NCSL Task Force on Energy Supply Summit Presentations

8/25/2014

2014 Summit logoNCSL Legislative Summit
August 18, 2014
Minneapolis, MN

Speaker Biographies

Natural Gas-Electric Harmonization

The race to natural gas in the electric industry, driven by low prices and emissions concerns, is heightening the relationship between natural gas delivery and electricity reliability. The 2014 polar vortex highlighted these reliability concerns, challenging the electric industry to maintain stability and affordability during spikes in natural gas demand for heating and electric generation.  To address the situation, major differences between the electricity and gas markets, as well as the limits caused by natural gas infrastructure, need to be addressed.  This session discussed how policymakers, electric utilities and natural gas industries are working to address these issues.

  • Mark McCullough, Executive Vice President - Generation, American Electric Power  PDF PRESENTATION
  • Ron Christian, Executive Vice President, Vectren Corporation  PDF PRESENTATION

Net-Metering Challenges and Solutions

The rapid growth of on-site solar generation has created concerns about the equity of state net-metering policies, which compensate rooftop solar owners at retail electricity rates for the energy they produce.  While these policies have played a major role in the growth of rooftop solar, there is concern that net-metered solar owners are not paying a fair share of cost for upgrading, operating and maintaining the electric grid.  Solar supporters contend that rooftop solar provide a number of benefits to utilities, such as reduced peak power demand and reduced transmission costs, which justify net metering rates.  With 43 states operating net metering programs, how states decide to resolve this discussion could influence the market for rooftop solar in a large part of the country.  This session discussed the net metering issue and explore what states are doing to resolve this issue.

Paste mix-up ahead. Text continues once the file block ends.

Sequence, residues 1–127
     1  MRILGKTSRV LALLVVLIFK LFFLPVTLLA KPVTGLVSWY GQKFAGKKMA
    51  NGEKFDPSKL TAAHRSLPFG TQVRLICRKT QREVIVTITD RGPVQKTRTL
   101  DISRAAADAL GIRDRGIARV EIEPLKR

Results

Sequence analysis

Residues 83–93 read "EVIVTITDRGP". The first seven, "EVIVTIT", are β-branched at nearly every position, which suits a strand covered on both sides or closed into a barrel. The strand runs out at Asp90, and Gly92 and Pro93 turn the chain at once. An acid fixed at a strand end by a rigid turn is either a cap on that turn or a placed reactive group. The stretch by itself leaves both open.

• Ben Norris, Senior Consultant, Clean Power Research  PDF PRESENTATION
  • Edward Comer, Vice President & General Counsel, Edison Electric Institute  PDF PRESENTATION

The Integrated Grid

A variety of new technologies, combined with a growth in distributed energy generation, is profoundly changing the how the electric grid operates. How will the grid evolve and adapt to new demands for flexibility driven by the growing trend toward decentralized power production? During this session, presenters explored technologies and practices that enable the grid to optimally integrate a variety of resources—such as energy storage, energy efficiency and local generation—while providing reliable and affordable electricity. Policy changes that may be necessary to achieve an integrated grid and increase value to consumers also were discussed.

  • Clark Gellings, Fellow, Electric Power Research Institute  PDF PRESENTATION
  • Ken Geisler, Vice President of Strategy for US/Canada, Siemens Smart Grid  PDF PRESENTATION

Energy: Perspectives from Across the Globe

(Joint Session with the International Program – Room 101ABIJ)

This session looked at the energy efforts of major global economies, their energy trade relationship with the U.S., and how these relationships may influence decision-making in this country and across the globe.  Discussions covered Europe’s rocky energy relationship with Russia and how this could affect U.S. energy exports; China’s growing energy demand, energy policy, as well as present and future energy trade relationship with the U.S. and other countries; and Canada’s role as the nation’s largest energy trading partner.

  • Representative Jeff Morris, Washington (moderator)
  • The Honorable Michael L. MacDonald, Senator, Parliament of Canada
  • The Honorable Li Bin, Counselor, Economic Affairs Section, Embassy of the People's Republic of China in the United States of America
  • Dr. Faruk Taban, President, Turkic American Alliance (TAA)
  • Geoffrey Harris, Deputy Head of Office, European Parliament Liaison Office with U.S. Congress

Energy Siting and Military Operations

As states and localities increase construction of energy infrastructure, the likelihood that it will encroach on military sites is increasing.  Wind, solar, transmission and other installations have the potential to interfere with nearby military operations by obstructing flight paths or creating technological and visual interference, affecting military missions, research and development. States that work with Department of Defense in siting and developing energy installations can ensure these projects will be compatible with military activities. This session explored best practices for state action, highlighting the Department of Defense Siting Clearinghouse.

  • William Van Houten, Deputy Director, DoD Siting Clearinghouse  PDF PRESENTATION